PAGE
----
Supreme Court declines to take up border wall case
(CNN) -- The Supreme Court declined to take up a case Monday over the use of waivers by the Department of Homeland Security to speed up the construction of barriers along the US-Mexico border.
The Trump administration has waived certain legal requirements to proceed with border wall construction. Environmental groups who oppose the barriers say that waiving regulations comes at the expense of wildlife in the region and have challenged the authorities provided to DHS to do so.
The lawsuit brought by the Center for Biological Diversity, among others, is one of a series of legal challenges against the construction of President Donald Trump's signature border wall.
"We're disappointed that the Supreme Court won't consider the Trump administration's flagrant abuse of the law to fast-track border wall construction," said Jean Su, an attorney at the Center for Biological Diversity. "This administration has made a mockery of the Constitution to build an enormously destructive wall. We'll continue to fight these illegal waivers and do everything possible to prevent further damage to the beautiful borderlands."
Jason Rylander, senior endangered species counsel at Defenders of Wildlife, one of the other groups that brought the challenge, said they are "disappointed" in Monday's decision.
"We had hoped that this would be the time that the court would take up the serious Constitutional issues surrounding this administration's waiver of environmental law to expedite construction of the border wall. It's unfortunate that they did not, but we believe that there continue to be serious issues," he said, adding this is the "end of the line" for this particular challenge.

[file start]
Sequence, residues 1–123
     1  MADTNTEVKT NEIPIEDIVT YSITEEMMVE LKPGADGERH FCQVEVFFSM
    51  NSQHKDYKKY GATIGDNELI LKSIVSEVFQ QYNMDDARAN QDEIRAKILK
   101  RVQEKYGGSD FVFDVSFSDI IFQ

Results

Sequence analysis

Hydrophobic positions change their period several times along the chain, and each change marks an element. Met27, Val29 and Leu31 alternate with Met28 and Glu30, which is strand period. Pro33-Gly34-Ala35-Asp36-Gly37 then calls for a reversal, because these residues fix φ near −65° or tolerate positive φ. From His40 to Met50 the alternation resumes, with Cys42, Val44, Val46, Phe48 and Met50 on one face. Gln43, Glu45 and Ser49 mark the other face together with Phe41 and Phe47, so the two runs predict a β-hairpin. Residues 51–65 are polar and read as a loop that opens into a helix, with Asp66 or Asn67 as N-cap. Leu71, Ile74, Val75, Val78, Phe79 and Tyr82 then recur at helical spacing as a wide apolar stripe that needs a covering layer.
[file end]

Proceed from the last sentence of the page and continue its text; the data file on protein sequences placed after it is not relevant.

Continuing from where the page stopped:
Last week, a federal appeals court ruled that the administration doesn't have the authority to divert Pentagon funds to construct additional barriers on the southwest border.
In a 2-1 ruling, the 9th US Circuit Court of Appeals said that the transfer of $2.5 billion circumvented Congress, which holds the authority to appropriate money. While the ruling was a win for the environmental groups and states challenging the use of military funds, a Supreme Court stay, issued last year that allows the funds to be used, remains in effect for the time being.
The question at the core of the suit that the Supreme Court rejected Monday is whether the authority granted to the DHS secretary to waive legal requirements to construct border barriers violates the Constitution's separation of powers. Lower courts have said the authority doesn't violate the separation of powers.
The Trump administration is not the first to waive certain legal requirements to proceed with the expeditious construction of barriers along the southwest border. But the case brought to the court involves waiver determinations issued in 2018 and 2019.
The petition before the Supreme Court challenged the constitutionality of DHS' decision to waive dozens of federal laws to erect barriers in California, Arizona, New Mexico and Texas.
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